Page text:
Bear in mind that all terminations must be compatible with the equipment to which they will be connected and must also be protected against environmental issues or hazards that are present at the place of installment.
The most common connectors for fiber optic cables are male connectors (also known as plugs) that have a protruding ferrule which holds the fibers and aligns two cables for mating.
A mating adapter is used to concatenate the two connectors that must fit the securing mechanism they use (bayonet, screw-on or snap-in.) If you want to connect the cable directly to active devices like LEDs, VCSELs, and detectors, the ferrule design is your best bet.
Single-mode and multi-mode fibers each use different connectors and termination procedures.
The easiest to terminate are multimode fibers which are usually done by installing connectors directly on it whereas single-mode terminations are most likely made by splicing a pigtail onto the installed cable instead of terminating the fiber directly as you would usually find on multimode fiber.
Terminations used on single-mode cables demand extreme care while assembling in order to ensure the best performance possible. That’s why they are usually done in an industrial facility with an epoxy that has been heat-cured along with some machine polishing.
When faced with the task of choosing a connector type, take into consideration the following aspects:
Make sure the connector is compatible with the systems that are being used.
Do some research about the entire installation process if you are not familiar with it.
Be sure to investigate the pros and cons of each possible connector type before committing to a specific one.
A breakout kit is basically a set of empty jackets that have been designed to offer protection to tight-buffered strands of fiber from a cable that is fragile. This method of termination requires no splicing nor does it demand the use of a splicebox which is basically a protective enclosure for the cable ends.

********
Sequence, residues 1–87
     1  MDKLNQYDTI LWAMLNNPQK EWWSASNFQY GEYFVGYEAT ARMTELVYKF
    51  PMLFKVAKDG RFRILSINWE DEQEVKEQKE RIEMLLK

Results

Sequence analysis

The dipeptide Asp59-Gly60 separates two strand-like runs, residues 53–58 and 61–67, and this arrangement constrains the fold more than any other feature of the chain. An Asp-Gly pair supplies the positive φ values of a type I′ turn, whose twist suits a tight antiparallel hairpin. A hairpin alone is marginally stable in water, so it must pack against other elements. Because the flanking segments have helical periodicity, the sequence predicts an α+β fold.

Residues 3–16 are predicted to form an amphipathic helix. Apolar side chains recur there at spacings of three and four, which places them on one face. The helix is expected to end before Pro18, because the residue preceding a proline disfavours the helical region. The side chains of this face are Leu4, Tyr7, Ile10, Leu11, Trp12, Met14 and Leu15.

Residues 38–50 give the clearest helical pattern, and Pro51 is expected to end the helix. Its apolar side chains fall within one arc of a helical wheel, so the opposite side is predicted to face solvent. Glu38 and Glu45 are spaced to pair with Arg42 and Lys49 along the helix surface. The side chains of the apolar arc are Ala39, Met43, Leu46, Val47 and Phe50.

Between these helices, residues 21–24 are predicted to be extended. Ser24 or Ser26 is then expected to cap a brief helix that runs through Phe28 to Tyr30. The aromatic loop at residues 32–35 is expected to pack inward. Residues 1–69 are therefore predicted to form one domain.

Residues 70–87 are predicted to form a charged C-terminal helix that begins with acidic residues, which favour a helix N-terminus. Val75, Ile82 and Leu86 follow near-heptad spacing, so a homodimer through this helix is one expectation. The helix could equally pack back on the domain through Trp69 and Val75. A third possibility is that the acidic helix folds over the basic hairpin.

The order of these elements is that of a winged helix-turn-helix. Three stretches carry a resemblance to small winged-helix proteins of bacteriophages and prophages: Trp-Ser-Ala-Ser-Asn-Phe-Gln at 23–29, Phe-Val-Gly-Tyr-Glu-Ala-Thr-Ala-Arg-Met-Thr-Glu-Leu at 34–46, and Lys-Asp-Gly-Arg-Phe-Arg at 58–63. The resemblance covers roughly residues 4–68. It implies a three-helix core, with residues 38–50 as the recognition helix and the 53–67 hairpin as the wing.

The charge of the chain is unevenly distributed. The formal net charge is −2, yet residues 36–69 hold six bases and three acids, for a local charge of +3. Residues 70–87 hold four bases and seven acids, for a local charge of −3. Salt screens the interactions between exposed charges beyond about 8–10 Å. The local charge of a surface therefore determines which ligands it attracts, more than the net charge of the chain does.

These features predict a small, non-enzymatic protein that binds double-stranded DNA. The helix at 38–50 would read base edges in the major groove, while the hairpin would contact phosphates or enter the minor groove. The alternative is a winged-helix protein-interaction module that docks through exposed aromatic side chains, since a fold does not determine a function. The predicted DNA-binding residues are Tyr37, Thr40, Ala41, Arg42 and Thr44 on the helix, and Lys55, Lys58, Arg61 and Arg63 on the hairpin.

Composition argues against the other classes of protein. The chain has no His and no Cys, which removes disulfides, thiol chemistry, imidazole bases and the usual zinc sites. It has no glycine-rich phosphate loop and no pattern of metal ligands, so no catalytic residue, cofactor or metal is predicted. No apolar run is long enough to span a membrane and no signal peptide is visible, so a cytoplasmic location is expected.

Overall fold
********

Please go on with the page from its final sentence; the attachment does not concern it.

When using fiber distribution cable, loose-buffer and/or ribbon cable, this is the most common termination choice because these types of cable contain multiple strands that are designed for it to be permanent.
This is a single, short, usually tight-buffered, optical fiber that boasts having an optical connector previously installed on one end and a length of exposed fiber at the other, which basically means it only has one connector on one end of the cable.
The end of the pigtail is stripped and then fusion spliced to a single fiber of a multi-fiber trunk. The pigtails are then spliced to each fiber in the trunk which ultimately “breaks out” the multi-fiber cable into the fibers that compose it for connection to the end equipment.
Pigtails can have either male or female connectors. Male connectors can be directly plugged into an optical transceiver whilst female connectors can be mounted bay two and two in a patch panel. If in pairs doesn’t work for you, they can also be mounted in single-fiber solutions that offer the possibility of connecting them to endpoints or fiber runs that use patch fibers.
Splicing two fiber optic cables together offers a permanent or semi-permanent connection between them. There does exist fiber optic splicing solutions that can be disconnected but this connecting method was not intended for connecting/disconnecting on a regular basis.
Fiber optic splicing is used when a more permanent solution is needed to fix a connection problem. For example, if you need to run a 10km length cable. Most fiber optic cables are made in maximum lengths of 5km so you´ll probably need to splice to cables together in order to achieve the desired run. In such cases, connectors are not an option.
There are two ways fiber optic splicing can be done:
Mechanical splices: this kind of splicing is normally used when a quick solution is needed.
You just need to strip back the protective layer that surrounds the fiber optic cable, clean it making sure there are no pieces of plastic or dust and the cut the fiber with precision and a firm hand, making sure that the angle of the cut has the same angle regarding the axis of the fiber. Something to bear in mind: this type of slicing can cause up to a 10% light loss.